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I hardly think that the Eurozone situation can be described as "party mode" at the moment.

Cutting the rate maybe is the right thing to do,. but it will of course be largely ineffectual.

Existing tracker mortgages will see a few quid a month saving, but many here are in arrears and not paying anyway! Won't make any difference for them.

SVR's will not budge as banks are making a loss, so if anything banks will make slightly less of a loss __assuming__ that people are willing to lend to the banks at a lower rate.

Suppose the EBC needs to look like it's doing something.

I will keep my eve on the SVR and fixed mortgage rates as we are viewing a house on Saturday - first time in 6 months after we were gazumped.

The property market here (outside Dublin) is much much quieter than last year and some properties I knoiw would have been 'snapped up' last year have been on the market for 6 months now.

[rant on]I am not sure that getting a fixed mortgage is any benefit in Ireland because if you default on your mortgage (interest rates shoot up) noting happens anyway so in effect their protection is worthless. [/rant off].

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The 1% need inflation to keep the wealth transfer going, that is why deflation or in this case low inflation of 0.7% (ie prices are still going up but not by much) is a disaster.

I was quite chuffed that my wages inflation outpaced both rent, food and fuel costs this year for the first time since.... erm??

I think HMS Euro is too big to turn around with a 0.25% rate cut, funding for lending UK style would do some serious inflation, not so sure the Germans would like that though..

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I was quite chuffed that my wages inflation outpaced both rent, food and fuel costs this year for the first time since.... erm??

I think HMS Euro is too big to turn around with a 0.25% rate cut, funding for lending UK style would do some serious inflation, not so sure the Germans would like that though..

I'm struggling to see where all the inflation is going to come from in the UK.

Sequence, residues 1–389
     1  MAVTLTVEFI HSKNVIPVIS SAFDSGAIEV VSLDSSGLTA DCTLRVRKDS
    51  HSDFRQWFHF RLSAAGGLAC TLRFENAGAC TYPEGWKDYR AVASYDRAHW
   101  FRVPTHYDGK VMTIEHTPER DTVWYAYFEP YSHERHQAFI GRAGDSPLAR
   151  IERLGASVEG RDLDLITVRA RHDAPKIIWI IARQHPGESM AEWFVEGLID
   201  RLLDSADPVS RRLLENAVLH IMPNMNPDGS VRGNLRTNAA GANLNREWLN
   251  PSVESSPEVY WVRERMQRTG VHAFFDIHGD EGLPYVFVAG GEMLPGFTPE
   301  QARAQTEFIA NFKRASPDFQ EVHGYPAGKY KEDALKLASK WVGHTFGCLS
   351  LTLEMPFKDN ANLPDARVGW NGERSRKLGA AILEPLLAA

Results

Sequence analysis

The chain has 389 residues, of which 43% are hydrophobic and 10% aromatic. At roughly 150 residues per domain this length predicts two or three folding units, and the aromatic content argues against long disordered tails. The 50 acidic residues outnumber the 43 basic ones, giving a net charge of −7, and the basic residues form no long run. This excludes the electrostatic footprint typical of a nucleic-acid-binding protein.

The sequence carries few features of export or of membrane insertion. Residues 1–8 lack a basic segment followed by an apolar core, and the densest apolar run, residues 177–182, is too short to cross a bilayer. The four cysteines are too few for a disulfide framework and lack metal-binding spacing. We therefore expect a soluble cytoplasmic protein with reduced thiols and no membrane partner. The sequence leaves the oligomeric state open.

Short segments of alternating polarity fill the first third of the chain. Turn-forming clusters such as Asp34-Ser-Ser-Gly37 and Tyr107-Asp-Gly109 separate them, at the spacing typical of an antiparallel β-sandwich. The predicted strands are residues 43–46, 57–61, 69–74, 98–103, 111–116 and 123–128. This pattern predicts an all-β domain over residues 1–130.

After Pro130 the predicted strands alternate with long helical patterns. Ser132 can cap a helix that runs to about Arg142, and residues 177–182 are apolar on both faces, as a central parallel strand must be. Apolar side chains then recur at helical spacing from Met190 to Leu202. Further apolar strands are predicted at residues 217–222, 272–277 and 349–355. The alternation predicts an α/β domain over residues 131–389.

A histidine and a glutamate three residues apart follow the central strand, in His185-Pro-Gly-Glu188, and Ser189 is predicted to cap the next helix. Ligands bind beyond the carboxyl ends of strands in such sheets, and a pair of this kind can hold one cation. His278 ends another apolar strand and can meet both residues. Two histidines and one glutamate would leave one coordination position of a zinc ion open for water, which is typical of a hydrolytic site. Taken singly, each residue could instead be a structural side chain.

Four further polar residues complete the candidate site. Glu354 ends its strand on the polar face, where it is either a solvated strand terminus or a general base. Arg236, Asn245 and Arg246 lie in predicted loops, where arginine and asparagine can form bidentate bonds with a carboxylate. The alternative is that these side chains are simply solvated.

The only conclusion I can draw is that it will come from expansion of debt/reduction of savings. Because as far as I can tell there is very little wage inflation.

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Terrible news, I can see why it's causing a problem.

....no not a problem, a chance to take a nice cheap holiday in Europe....they would welcome the extra money/employment I am sure, or you could even invest in a nice cheap property, they have fallen greatly in recent years, good for the young Europeans also. ;)

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When is the penny going to drop that it is only a matter of time before europe has zirp rates and QE.

It might not be called QE, but QE it will be.

Euro market spivs want the sugar rush to equities as well. It is mad, but inevitable.

..._

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I was quite chuffed that my wages inflation outpaced both rent, food and fuel costs this year for the first time since.... erm??

I think HMS Euro is too big to turn around with a 0.25% rate cut, funding for lending UK style would do some serious inflation, not so sure the Germans would like that though..

The issue is a fisher debt deflation trap which the southern euro economies are stuck in.

Their economies are continually cycling down. The evidence on this is pretty clear. They need to reflate to stimulate economic activity to break that cycle.

You personally maybe ok (for now), especially if you hold no debt. But eventually as everything else collapses around you, you will end up being not ok. Every greek is learning that lesson.

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Well QE has worked in UK, we have a soaring stock market, 3% inflation, rising house prices, GDP growth and massive levels of personal debt so Europe must learn from our example and print like there is no tomorrow ... what could possibly go wrong?

The UK is a mess I agree. The money printing should have gone to finance real economic activity, making use of the vast numbers of unemployed and underemployed rather than into financial games. That way there would have been no inflation or asset bubbles. But even in spite of this which would you rather have, the position the UK is in or the position greece and spain are in?

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Well QE has worked in UK, we have a soaring stock market, 3% inflation, rising house prices, GDP growth and massive levels of personal debt so Europe must learn from our example and print like there is no tomorrow ... what could possibly go wrong?

That they don't print enough like Japan?

Abenomics now....